Saturday, September 22, 2018

Her Face

Joe and I went into a grocery store on the way home from work and zipped around enjoying ourselves. After a trip away, this kind of ordinary thing signals in a meaningful way that we are home. We got a fair lot of groceries and went to find a check out and found, again, that the two express (8 or less) were accessible but that none of the others were.

Tired of this king of thing, I just decided that accessibility trumped the 8. We went to get in line. The woman saw me and the cart and said, "Go over to four." I told her I couldn't be served at 4. She loudly demands and points across the store to aisle 4. I told her again I couldn't go there, I said that I needed an accessible aisle to get my groceries. She looked at me with disgust and in that moment I knew this wasn't a barrier issue with the store, even if that's how this started, her face was the face of bigotry. She had no intention of serving someone like me at her till.

Another clerk comes along, opens the other express aisle which is also the only other accessible aisle, and she serves us quickly, efficiently and in a friendly manner. I mentioned to her what happened and she said that she had just come along and seen that there had been an incident and that she just wanted to fix it. I asked to speak to the store manager.

We've spoke before.

He's made promises before.

Why do I bother?

But I do.

He had taken the concerns I'd raised to a meeting.

Rah him.

I left.

All of the stuff about the physical barriers and the discussion abut making it possible for disabled people to shop, seriously, still talking about really basic, simple rights, was finished with in my head.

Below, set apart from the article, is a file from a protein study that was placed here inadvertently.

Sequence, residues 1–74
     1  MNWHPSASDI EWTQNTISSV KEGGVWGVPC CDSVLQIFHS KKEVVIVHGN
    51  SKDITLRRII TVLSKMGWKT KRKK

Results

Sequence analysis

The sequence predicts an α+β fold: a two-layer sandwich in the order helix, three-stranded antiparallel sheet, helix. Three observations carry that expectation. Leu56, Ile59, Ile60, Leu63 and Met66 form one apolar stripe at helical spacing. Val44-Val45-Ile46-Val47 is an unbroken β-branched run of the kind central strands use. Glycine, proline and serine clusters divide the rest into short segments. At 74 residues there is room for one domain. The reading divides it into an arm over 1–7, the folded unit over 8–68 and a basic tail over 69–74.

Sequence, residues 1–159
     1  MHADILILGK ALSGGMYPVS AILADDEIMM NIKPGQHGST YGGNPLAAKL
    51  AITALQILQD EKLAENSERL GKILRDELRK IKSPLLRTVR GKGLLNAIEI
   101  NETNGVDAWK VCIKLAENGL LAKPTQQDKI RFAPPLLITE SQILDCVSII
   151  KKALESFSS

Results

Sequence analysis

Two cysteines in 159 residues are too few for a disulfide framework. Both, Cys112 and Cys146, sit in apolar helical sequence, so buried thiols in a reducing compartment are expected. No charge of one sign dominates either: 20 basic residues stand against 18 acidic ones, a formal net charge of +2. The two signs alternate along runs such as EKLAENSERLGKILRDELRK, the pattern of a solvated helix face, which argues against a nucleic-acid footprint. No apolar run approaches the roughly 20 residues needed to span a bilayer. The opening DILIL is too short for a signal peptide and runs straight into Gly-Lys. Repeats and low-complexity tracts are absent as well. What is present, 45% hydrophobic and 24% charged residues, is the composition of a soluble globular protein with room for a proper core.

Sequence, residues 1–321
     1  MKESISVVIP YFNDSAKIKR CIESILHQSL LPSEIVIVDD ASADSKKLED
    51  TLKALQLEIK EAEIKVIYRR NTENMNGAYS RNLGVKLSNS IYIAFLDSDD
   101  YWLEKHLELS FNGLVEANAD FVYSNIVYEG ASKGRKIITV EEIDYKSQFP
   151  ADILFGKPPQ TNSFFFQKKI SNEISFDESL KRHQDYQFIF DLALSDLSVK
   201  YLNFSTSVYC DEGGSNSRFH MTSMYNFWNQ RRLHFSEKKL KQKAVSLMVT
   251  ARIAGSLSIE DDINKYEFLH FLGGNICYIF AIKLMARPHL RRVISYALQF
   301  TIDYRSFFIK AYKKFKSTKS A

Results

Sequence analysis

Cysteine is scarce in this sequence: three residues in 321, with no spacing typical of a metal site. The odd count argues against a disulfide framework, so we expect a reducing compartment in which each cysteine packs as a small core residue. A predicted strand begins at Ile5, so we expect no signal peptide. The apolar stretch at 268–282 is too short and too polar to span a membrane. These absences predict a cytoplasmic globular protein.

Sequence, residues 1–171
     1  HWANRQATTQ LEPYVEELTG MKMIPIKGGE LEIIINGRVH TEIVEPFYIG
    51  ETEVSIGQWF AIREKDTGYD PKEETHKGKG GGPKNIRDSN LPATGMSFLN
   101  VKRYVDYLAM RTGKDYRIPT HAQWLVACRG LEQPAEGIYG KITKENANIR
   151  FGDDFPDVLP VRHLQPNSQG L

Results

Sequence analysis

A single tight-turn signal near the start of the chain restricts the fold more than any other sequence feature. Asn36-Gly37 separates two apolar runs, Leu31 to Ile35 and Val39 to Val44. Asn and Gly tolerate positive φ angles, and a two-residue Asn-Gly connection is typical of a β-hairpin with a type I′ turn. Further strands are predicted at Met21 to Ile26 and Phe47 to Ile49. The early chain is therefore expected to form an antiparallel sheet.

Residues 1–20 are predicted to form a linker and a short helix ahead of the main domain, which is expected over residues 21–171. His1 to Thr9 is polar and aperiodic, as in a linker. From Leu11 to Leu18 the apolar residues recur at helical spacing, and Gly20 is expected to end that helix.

But her face.

The one who denied me service.

The look of hatred she had on her face.

The look of outright prejudice.

Stays with me.

That she felt free to do that scares me. That her hatred had been somehow legitimized. That she didn't worry for a second about the fact that she was doing a job serving the public and my complaint about her behaivour had been made.

She felt safe there.

Which means that disabled people are not.


ABEhrhardt said...

Not right. This is system-wide. How many other disabled people has she done this to?

How many times has her hatred been 'fixed' by someone coming along to correct ONLY this occurrence of the problem.

How many times can this manager continue to ignore what is right before his face?

The system needs fixing AND the people.

Ron Arnold said...

I often find rules to be a substitute for mindful thought. Where there is a rule, you don't have to think - someone else has done it for you, AND if you are following the rule(s) - you are RIGHT.

Following a rule may make one a rule follower, but it certainly doesn't make one righteous.

I'm glad the other cashier came along. Sounds like she 'gets it.' The manager though . . . well, sounds like they'd rather follow the rules and evade their thought / responsibility - just like the self-righteous cashier.